Opinion

Kenmore City Council makes meetings more accessible | Editorial

Kenmore City Hall - Reporter file photo
Kenmore City Hall
— image credit: Reporter file photo

All Kenmore residents should commend the Kenmore City Council and staff for moving forward with installing a new camera to livestream council meetings online. This issue is not about the nearly $7,000 spent on the camera and integration system, although it is an expenditure and those elected to govern have to make wise choices with taxpayer money. This decision is about some on the council making good on political promises, although Nigel Herbig should be commended for sticking to it and pushing for more transparency for the citizens of Kenmore. But all the councilmembers should be applauded because it takes agreement to get things passed - politicians in Washington D.C. have made that abundantly clear.

It is also about entering into the 21st Century and getting up to date technology in a City Hall that should have come with cameras in the first place. After all, both Bothell and Kirkland have cameras in their council chambers. Now it is Lake Forrest Park’s turn.

But the biggest issue is accessibility. There are some residents who have the time to drive to Kenmore City Hall, find a parking spot and attend the meeting. But there are a lot of people who cannot make it to council meetings due to schedule conflicts, disability or other issues that we all face in our busy lives. The reason we elect representatives is so that we can go about our lives and trust they are working on our behalf. But we also need access to these representatives, their public meetings and deliberations so if there are issues we care strongly about we can give them our two cents.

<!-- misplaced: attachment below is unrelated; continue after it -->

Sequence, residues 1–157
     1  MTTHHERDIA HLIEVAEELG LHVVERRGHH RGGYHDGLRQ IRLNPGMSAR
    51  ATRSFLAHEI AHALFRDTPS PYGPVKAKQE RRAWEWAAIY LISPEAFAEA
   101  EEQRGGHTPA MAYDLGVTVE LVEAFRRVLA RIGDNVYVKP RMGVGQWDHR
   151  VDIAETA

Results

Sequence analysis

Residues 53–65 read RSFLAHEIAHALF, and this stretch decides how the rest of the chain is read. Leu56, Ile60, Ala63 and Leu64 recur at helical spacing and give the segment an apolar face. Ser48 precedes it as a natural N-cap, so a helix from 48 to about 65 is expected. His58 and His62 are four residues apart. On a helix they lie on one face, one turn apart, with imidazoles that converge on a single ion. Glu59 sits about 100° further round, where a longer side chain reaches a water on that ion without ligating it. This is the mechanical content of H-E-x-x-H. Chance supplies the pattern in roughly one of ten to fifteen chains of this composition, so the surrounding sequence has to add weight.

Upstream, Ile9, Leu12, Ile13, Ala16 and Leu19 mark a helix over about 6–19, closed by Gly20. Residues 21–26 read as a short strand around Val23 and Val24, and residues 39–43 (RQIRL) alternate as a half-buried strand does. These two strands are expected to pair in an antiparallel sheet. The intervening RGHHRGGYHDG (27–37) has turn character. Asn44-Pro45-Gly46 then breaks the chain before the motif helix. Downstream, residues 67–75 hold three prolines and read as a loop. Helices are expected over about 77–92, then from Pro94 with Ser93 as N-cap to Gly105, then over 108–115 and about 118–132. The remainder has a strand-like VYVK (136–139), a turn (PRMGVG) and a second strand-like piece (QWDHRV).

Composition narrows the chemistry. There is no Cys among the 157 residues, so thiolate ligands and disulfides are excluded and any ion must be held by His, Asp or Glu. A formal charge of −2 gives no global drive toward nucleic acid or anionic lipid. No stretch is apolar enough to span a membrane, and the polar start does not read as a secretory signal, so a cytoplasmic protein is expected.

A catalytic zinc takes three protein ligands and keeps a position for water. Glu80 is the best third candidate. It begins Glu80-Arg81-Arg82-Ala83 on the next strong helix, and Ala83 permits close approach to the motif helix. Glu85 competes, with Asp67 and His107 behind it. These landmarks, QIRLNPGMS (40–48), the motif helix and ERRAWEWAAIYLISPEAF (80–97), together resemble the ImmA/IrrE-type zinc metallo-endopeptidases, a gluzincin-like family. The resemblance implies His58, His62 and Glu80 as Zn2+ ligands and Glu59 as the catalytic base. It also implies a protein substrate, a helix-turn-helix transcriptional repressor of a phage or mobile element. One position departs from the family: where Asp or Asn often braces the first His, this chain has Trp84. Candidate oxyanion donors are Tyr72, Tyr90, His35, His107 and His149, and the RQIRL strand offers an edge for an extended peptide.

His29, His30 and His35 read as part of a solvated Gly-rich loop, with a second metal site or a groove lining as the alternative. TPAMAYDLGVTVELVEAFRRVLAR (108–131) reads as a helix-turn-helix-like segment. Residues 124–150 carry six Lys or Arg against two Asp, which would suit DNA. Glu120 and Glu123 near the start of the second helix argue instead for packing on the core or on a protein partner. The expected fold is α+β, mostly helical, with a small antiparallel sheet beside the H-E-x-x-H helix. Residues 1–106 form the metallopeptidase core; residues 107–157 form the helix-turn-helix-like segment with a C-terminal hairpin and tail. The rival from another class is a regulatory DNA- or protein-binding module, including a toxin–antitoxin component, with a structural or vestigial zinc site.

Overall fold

The council meeting audio has been available online. This was a good first step in this process. But there are issues that residents want to hear about in real time and may not be able to attend the meeting. Waiting for a day or two, or even longer, to hear council audio can be the difference of having enough time to contact a council member or city staff about an issue in time to make a difference. Discussions about serious local issues, such as the safety of pedestrians on Kenmore streets, need to be seen and heard in real time.

But this is a start and win for Kenmore residents wanting to take part in our democracy and be apart of their community’s important discussions.

But now that the council has the camera it is time for it to take the next step. Not everyone has a computer or phone with fast enough internet access to view the meetings online. A step that other cities have made, by getting council meetings broadcast to local residents through local cable systems, is also important. Access to local government should not be difficult, it should be easy. Kirkland and Bothell broadcast city council meetings on a local government channel and there is no reason that Kenmore can’t do this as well.

Matt Phelps is the regional editor for the Bothell/Kenmore Reporter.

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